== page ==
Why does my car make noise in reverse?
I presume from your question, "Why does my car make noise in reverse?", you are not referring to a noise that the transmission has suddenly begun to make, but rather why does the car make noise in reverse gear and not the forward gears.
The name of the noise you hear is called "gear whine", and it is a common property of ordinary straight cut spur gears. This used to be very common on cars with manual transmissions, as all of the lower reduction gears were spur gears. In American cars, which had three-speed transmissions, you would hear a whine in first and second gear. Third gear was silent as in this gearshift position you were in direct drive and a gear reduction (other than that in the differential) was not involved. If you do not remember what cars of the 1940's and 1950's sounded like, you can experience if by watching street scenes from classic movies. Every time a car pulls away from the curb you will hear a distinctive lower gear whine.
The gear whine could be reduced or eliminated by employing helically cut rather than straight cut spur gears. The reason helical gears run silently is because the engagement of each of the gear teeth is gradual. These helical "silent gears" came to be adopted for second gear in the three-speed transmissions of better cars.
The problem was that helical gears are both more expensive to machine and generally take up more space in a transmission case. Therefore, as a reasonable cost saving measure, many car builders chose to use the more expensive helical gears only for those gears in which it was presumed that the driver would commonly use for motoring, i.e., second gear in the American three-speed transmission and second and third gear in the European four-speed transmission.
To operate a car in reverse an additional gear has to be inserted into the car's gear train. This gear took up extra room on the gear case, and it would be seldom used. There was, thus, a reason to avoid, and no need to use, a helical gear set for reverse. The driver would not spend a great deal of time motoring about while looking backward. So the whine of a spur gear would not be objectionable.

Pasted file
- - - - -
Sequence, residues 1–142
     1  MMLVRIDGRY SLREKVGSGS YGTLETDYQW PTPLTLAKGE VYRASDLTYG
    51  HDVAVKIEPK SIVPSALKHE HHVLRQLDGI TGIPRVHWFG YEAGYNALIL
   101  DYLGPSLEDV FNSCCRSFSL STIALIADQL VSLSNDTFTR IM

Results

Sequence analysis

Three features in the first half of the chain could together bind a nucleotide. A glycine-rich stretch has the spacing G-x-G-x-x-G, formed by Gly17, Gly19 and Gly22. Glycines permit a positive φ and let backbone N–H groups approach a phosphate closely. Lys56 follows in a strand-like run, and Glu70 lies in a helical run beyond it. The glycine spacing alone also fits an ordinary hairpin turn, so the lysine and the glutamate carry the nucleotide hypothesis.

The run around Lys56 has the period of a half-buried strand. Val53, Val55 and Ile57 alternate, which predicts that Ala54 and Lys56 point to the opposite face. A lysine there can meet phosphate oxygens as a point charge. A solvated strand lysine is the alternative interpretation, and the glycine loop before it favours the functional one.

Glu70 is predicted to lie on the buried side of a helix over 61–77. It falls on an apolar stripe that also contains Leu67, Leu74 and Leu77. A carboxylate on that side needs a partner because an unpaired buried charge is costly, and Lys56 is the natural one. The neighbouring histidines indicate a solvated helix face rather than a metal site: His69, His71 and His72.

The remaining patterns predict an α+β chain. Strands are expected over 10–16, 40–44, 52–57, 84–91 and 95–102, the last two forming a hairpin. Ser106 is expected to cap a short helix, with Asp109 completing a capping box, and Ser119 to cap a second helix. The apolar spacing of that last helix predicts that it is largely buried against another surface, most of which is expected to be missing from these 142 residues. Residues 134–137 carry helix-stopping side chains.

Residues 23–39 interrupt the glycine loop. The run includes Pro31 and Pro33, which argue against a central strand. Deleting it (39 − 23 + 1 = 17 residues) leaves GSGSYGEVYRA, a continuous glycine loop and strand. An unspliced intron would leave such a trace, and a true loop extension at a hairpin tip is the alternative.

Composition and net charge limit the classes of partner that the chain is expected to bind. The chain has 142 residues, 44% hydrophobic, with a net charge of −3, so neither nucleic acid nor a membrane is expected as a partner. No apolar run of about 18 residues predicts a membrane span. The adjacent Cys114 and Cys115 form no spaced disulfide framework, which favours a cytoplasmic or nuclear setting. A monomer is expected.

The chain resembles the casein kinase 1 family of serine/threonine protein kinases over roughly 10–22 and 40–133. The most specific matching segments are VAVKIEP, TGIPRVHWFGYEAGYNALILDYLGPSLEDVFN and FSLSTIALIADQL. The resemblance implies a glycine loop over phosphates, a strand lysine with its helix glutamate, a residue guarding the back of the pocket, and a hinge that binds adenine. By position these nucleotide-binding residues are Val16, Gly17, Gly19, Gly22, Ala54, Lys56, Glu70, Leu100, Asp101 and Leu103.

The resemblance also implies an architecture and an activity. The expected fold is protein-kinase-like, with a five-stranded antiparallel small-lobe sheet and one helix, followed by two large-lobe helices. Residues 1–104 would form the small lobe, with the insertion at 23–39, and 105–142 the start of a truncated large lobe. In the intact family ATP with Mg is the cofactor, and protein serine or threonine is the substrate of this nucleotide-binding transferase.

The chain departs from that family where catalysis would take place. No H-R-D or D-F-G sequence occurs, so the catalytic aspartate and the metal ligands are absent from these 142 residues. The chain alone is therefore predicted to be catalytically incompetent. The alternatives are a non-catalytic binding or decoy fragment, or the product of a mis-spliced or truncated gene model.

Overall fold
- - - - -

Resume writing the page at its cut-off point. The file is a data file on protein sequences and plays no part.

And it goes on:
I recently had the opportunity to drive a classic Citroen 2CV at an event sponsored but the Lane Motor Museum in Nashville. (Note: The Lane Motor Museum is one of most enjoyable and interesting automobile museums on the planet. Go there.) I was delighted to experience the loud and distinctive gear whine of the transmission's straight cut spur gears in first and second gears of the four-speed gearbox. To gear heads, that might be amusing. For it was Citroen that pioneered the production machining of helical gears. In fact the multi-chevron Citroen logo depicts the tooth pattern of a helically cut gear.
The forward gears use helical-cut teeth which mesh more quietly and wear more slowly than straight-cut teeth. Reverse, being used a much smaller portion of the time, uses straight-cut teeth to save a few cents of manufacturing cost.
I assume you have a manual transmission or a Honda (Honda automatics are built much like manual transmissions).
The answer is because reverse gears are dog cut gears. This means that the teeth are flat and contact another flat gear. This makes them very strong, but also makes them noisy. So, you have noise in reverse.
Most probably it is that your car does not go in reverse very much of the time so the gears don't get to know one another very well. The forward gears wear to a perfect fit and will run quieter. Just like a tractor that never uses certain gears which will be noisy until they get used a lot. Forward and reverse have nothing to do with it.
The chances are that it has straight cut reverse gears. While the forward gears engage via synchromesh clutches, reverse actually needs an idler to be shifted into place. Helical gears will produce enough axial thrust to push themsrlves out of engagement, so straight cut gears are used. The downside is that they whine a bit.